News Letter 🎤 A former Provisional IRA prisoner has said that he does not buy Sinn Fein’s overtures towards reconciliation as genuine.

By Adam Kula

Anthony McIntyre, who was imprisoned for the fatal shooting of a UVF man and has since become a sharp critic of Sinn Fein, was speaking in the week that Michelle O’Neill assumed the top spot in Northern Irish politics, and then today attended a passing-out ceremony for new police recruits.

The party formally agreed to offer its moral and political support to the PSNI back in 2006 as a condition of entering government, but it has been criticised in the subsequent years by unionists, who believe the party has often paid little more than lip service to its support for the force.

The IRA killed about 300 police officers during the Troubles.

Countless others were wounded or went on to die prematurely through suicide, drink, and drugs.

On the subject of Michelle O’Neill as First Minister, Mr McIntyre told the News Letter:

When I look at what's happening I've a view that it's just a continuation and a confirmation of Sinn Fein's deradicalisation and becoming part of the establishment. Having said that, I think Michelle O'Neill has every right to be First Minister and be called First Minister.

He detects ongoing “resentment towards a nationalist – and particularly somebody from Sinn Fein – being First Minister” from unionists, adding:

Shouldn't they be delighted Sinn Fein have been tamed and brought into the political establishment and pose absolutely no threat to the interests of the British state? They pose absolutely no threat. It merely confirms that their strategic view of the IRA campaign was wrong, because they're now reduced to accepting British state terms for unification: namely only by consent. Nobody whoever fought in the ranks of the IRA will ever live to see a united Ireland. I am certain of it. What's in the opinion polls to say we will? It's alright everybody talking about it (but it’s like the saying) 'God make me good – but just not yet’.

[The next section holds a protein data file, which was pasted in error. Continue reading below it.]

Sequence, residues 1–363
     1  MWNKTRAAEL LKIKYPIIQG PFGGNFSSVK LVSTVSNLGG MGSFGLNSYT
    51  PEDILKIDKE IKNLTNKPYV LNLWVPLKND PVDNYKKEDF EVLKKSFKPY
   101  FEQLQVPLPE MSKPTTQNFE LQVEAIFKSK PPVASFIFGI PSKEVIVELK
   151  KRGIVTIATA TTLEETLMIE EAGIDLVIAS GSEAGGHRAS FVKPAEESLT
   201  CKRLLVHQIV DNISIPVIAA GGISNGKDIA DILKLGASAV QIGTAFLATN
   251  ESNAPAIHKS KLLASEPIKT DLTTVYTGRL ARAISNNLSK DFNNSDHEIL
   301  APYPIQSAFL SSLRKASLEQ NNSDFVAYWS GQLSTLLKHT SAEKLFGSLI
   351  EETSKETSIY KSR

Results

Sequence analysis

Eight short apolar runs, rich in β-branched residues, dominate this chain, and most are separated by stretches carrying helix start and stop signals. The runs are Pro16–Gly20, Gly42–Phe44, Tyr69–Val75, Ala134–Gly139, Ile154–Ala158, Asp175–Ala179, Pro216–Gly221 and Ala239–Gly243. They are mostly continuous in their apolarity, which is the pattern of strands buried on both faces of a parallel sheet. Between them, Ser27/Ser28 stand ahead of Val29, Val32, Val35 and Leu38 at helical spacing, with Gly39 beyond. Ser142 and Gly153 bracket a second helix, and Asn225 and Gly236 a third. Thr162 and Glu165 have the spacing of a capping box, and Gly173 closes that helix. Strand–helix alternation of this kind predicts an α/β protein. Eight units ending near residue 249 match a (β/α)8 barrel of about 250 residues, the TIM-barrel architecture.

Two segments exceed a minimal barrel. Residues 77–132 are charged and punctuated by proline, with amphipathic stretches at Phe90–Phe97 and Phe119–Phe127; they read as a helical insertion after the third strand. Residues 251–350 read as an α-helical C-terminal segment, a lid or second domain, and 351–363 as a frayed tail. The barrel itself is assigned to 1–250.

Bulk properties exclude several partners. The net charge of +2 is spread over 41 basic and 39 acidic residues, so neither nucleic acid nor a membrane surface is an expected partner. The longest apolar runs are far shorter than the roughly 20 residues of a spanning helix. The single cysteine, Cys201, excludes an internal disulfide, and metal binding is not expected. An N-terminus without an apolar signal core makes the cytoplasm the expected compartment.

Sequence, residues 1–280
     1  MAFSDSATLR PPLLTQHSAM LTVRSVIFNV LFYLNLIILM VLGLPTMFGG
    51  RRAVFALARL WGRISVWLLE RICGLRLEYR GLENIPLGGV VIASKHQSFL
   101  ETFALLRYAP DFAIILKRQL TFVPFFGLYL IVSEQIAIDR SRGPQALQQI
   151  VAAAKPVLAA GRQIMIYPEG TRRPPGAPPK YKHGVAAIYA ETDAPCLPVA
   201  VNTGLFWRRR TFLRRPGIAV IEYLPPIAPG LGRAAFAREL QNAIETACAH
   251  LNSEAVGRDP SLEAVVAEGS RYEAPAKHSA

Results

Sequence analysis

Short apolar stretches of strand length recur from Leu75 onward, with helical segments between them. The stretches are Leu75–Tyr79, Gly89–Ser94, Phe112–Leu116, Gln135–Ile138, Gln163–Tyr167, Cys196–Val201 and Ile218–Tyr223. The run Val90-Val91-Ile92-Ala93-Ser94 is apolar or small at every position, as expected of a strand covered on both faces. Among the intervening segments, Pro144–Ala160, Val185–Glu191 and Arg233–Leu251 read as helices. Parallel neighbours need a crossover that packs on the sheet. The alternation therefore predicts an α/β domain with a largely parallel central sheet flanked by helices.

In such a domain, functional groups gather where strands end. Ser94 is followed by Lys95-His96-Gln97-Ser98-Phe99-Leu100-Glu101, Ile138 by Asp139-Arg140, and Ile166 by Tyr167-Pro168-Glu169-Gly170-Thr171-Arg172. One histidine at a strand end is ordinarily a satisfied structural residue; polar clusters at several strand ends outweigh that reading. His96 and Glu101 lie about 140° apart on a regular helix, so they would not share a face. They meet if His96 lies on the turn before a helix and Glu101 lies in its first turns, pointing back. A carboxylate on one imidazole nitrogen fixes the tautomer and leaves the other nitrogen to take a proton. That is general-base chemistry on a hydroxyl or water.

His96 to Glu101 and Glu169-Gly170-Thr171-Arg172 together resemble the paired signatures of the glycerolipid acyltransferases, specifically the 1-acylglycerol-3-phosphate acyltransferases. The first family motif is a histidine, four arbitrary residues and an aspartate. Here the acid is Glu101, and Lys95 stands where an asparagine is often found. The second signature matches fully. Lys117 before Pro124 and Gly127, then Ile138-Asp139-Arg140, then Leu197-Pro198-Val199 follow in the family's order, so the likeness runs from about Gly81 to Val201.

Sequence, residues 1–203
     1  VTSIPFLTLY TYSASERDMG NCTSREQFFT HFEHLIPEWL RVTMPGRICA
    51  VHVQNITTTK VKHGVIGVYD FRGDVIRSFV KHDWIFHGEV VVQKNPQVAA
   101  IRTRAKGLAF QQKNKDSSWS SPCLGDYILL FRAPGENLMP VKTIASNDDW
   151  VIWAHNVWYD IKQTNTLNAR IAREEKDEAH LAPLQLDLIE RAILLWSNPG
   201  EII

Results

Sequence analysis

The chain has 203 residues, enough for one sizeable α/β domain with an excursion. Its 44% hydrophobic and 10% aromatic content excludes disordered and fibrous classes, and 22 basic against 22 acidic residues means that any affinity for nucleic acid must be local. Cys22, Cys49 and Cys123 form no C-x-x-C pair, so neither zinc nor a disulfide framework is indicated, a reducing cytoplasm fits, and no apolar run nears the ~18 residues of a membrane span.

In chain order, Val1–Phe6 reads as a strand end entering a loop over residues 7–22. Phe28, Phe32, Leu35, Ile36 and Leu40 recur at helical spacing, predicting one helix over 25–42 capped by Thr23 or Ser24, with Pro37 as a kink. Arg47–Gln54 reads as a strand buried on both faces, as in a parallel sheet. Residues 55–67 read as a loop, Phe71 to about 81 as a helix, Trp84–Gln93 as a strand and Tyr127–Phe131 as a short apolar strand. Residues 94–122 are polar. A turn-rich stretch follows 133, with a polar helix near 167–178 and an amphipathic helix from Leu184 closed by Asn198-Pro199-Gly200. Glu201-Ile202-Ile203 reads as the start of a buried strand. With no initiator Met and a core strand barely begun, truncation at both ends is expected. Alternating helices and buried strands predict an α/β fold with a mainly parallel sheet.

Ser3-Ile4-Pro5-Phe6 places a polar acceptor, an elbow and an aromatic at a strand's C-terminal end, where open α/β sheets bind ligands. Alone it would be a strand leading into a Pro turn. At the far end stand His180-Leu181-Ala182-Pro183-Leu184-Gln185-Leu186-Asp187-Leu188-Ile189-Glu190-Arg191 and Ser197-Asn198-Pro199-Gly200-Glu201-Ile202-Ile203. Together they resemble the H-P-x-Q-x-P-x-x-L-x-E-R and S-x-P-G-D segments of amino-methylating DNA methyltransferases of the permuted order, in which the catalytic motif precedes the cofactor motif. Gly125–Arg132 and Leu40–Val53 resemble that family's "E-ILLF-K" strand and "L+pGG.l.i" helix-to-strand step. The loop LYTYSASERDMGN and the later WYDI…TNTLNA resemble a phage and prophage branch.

On today’s PSNI ceremony, he said it is further evidence the party is “thoroughly domesticated” because “the PSNI is still an armed British police force that is still up to its neck on covering up on the legacy question”.

It is an “ideological flip-flop” from the party he said, adding:

If the SDLP were doing this I wouldn't bat an eye. It's consistent with what they've always done. It calls into question why the IRA campaign was ever fought. Surely what we have today could've been achieved without anybody dying? If they were going to be really genuine about making reconciliation with the unionist community, why not tell them the truth about Joanne Mathers, which they've denied since she was killed in April 1981? Why not tell them the truth about one of the IRA's greatest war crimes: Kingsmill? They still won't tell the unionist community the truth. So all this licking the queen and licking the king, I don't buy it as genuine gestures of reconciliation.

Follow on Twitter @AnthonyMcIntyre.

Passing-Out For Cover-Up Cops